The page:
• Posted: May 27, 2012 14:58:11
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At least two top executives were fired this week for falsifying information on their resumés while U.S. Senate candidate Elizabeth Warren endured criticism for claiming American Indian ancestry, though politically motivated researchers could find no corroborating primary source documentation. "That's what my mother told me", she insisted.
Also discussed this week was the phenomenon of "presentation anxiety", a term now used to describe distress felt by teenagers fussing over the content and presentation of their Facebook profiles. With prom season upon us, one can hardly imagine the phenomenon of presentation anxiety confined to social media posts. Teenagers have been anxious about how they will be perceived by others for decades, if not centuries, well before Facebook ever came along.
The issue we all face is "how do we want others to view us, to understand us?" It's an important issue socially, in both our personal and in our professional lives, and for some spiritually. That is, how does or will God judge us? Even for most animals it is important. Just watch a deer tentatively entering a clearing, listening, sniffing, looking here and there, taking one careful step at a time. Not in words, but functionally, their continuing questions are: Will they be viewed as prey? Is it safe to graze here?
Coming to terms with ourselves is yet another aspect of presentation. Fabricating attractiveness or compliance or trustworthiness for others is one thing, but developing some sort of notion of ourselves that we will ultimately feel comfortable with is a lifelong continuous struggle. Psychologists like Erik Erikson have dedicated their entire professional careers considering just how that process happens. Interestingly, recent neurological studies seem to indicate that our own struggles with identity and the social presentation of that identity are not universal within the animal kingdom, and in some cases not even universal amongst all of our fellow humans.
Per an article by Laura Sanders at Science News, such research has focused on one type of neuron found only in parts of the brain known as the anterior insula and anterior cingulate cortex, structures believed to be involved in self-awareness and empathy in humans. Autopsies of normally functioning brains find those cells, known as von Economo neurons, to be healthy. But, autopsies of patients with a certain type of frontotemporal dementia reveal von Economo cells to have died off. Such patients have lost capacity for empathy and self-awareness and have trouble relating to other people. Brains of other large social animals like great apes, elephants, whales, and dolphins also show these cells. But, such cells have not so far been found to any great extent in the brains of animals with less complex social lives.
A related study reported recently by Reuters found certified psychopaths had less grey matter in regions of the brain known as anterior rostral prefrontal cortex and temporal poles than non-psychopathic offenders and non-offenders. Per that article by Date Kelland, "Damage to these areas is linked with a lack of empathy, a poor response to fear and distress and a lack of self-conscious emotions such as guilt or embarrassment."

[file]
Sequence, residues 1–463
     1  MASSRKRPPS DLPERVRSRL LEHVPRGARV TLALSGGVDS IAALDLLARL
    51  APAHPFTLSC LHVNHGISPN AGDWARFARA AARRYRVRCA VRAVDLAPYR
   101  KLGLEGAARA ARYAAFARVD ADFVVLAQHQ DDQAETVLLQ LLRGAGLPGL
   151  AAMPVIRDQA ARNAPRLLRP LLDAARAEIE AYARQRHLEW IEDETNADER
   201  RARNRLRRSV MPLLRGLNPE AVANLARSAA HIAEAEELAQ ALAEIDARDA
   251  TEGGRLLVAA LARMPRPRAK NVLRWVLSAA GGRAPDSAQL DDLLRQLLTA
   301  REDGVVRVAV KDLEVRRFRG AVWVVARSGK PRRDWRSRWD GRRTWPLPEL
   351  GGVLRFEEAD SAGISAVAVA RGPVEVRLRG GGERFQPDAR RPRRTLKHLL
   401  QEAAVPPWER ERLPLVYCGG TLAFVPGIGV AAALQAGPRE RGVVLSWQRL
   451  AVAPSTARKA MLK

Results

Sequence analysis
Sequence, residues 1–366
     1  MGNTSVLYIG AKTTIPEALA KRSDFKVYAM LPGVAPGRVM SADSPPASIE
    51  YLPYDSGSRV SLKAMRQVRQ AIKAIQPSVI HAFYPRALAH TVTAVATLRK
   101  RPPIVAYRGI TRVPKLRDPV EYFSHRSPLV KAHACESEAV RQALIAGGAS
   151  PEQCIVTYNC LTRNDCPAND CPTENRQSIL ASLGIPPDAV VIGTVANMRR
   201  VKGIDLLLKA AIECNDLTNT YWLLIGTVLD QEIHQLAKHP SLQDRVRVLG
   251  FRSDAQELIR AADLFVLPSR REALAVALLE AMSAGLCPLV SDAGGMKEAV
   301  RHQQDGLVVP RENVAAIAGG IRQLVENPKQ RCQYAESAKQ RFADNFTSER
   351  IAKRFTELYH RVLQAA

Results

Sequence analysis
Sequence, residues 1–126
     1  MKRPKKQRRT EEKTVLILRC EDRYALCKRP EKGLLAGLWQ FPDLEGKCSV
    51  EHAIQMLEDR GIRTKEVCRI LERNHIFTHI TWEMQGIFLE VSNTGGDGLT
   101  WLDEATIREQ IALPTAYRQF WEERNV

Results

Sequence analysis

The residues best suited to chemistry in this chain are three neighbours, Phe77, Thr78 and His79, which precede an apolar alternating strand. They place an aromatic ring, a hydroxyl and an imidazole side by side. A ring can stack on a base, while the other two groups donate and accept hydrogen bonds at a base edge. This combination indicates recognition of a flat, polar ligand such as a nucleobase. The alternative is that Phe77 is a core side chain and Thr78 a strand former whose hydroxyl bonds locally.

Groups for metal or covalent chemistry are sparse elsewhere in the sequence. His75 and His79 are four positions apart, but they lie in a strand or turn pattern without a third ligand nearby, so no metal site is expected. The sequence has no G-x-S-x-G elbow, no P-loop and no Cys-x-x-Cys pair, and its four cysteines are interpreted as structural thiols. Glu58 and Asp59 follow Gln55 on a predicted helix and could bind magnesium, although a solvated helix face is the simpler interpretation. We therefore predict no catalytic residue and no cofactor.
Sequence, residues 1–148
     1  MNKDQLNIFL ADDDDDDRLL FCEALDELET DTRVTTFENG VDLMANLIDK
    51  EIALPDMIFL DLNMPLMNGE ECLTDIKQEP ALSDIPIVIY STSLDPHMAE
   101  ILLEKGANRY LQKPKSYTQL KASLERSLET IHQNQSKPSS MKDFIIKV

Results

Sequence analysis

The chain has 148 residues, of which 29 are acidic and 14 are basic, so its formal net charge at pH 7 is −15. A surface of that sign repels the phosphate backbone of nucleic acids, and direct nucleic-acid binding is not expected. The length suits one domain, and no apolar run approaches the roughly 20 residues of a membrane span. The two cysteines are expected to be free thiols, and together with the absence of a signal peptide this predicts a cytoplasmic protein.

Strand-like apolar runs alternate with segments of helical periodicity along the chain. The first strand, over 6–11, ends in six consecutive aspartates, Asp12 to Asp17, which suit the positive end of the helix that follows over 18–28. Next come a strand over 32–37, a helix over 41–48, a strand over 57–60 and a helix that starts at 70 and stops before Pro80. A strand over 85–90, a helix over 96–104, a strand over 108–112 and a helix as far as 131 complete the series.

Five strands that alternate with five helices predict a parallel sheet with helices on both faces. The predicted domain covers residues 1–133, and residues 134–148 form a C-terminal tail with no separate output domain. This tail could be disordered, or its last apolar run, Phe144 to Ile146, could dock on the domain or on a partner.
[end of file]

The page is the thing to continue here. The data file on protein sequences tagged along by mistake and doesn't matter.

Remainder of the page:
Biological though the underpinnings may be, the smooth functioning of human societies depends on shared concerns regarding social presentation, from driving on the correct side of the road and observing traffic signs to conforming to laws and regulations handed down by democratic process to following through on shared plans and agreements. Unfortunately, not all citizens are capable of or willing to adopt the same conventions and follow through as planned. Such discord is probably the single biggest contributor to stress in today's world. We do it and therefore expect others to do it, too. But they don't. And so we fume, rant, and occasionally take up arms.
Some would say leadership is what's missing, someone to establish standards by which we all might aspire. No doubt many have tried that route and many more will attempt it. Others contend justice is what's missing. Support for that view appeared this week in a story filed by Seth Borenstein of the Associated Press wherein CEO pay was often found to be hundreds of times greater than that of employees. The fact remains, though, evolution is also at work here. Variation and adaptation are the two primary methods by which species and individuals survive environmental changes beyond their control. We'd be wise to open our minds to variations useful to our own survival or find ways to work around those that are not. Obstinate and even belligerent rigidity will in most cases leave us isolated, crushed, and left behind. That's a lesson struggling and would be dictators the world over might find useful to note.
May the image you create, present, and maintain for yourself bring you professional respect and personal wellbeing. And may the "failings" you perceive in others bring you tempered wisdom, if not amusement.
Monday, May 30th, 2011
St. Joseph MI